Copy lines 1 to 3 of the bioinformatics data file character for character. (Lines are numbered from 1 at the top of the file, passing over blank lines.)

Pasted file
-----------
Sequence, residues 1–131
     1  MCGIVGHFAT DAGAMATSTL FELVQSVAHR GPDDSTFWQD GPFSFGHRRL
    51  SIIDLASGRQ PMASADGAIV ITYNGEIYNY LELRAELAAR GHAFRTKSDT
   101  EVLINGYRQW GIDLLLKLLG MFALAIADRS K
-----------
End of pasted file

Sequence, residues 1–131
     1  MCGIVGHFAT DAGAMATSTL FELVQSVAHR GPDDSTFWQD GPFSFGHRRL
    51  SIIDLASGRQ PMASADGAIV ITYNGEIYNY LELRAELAAR GHAFRTKSDT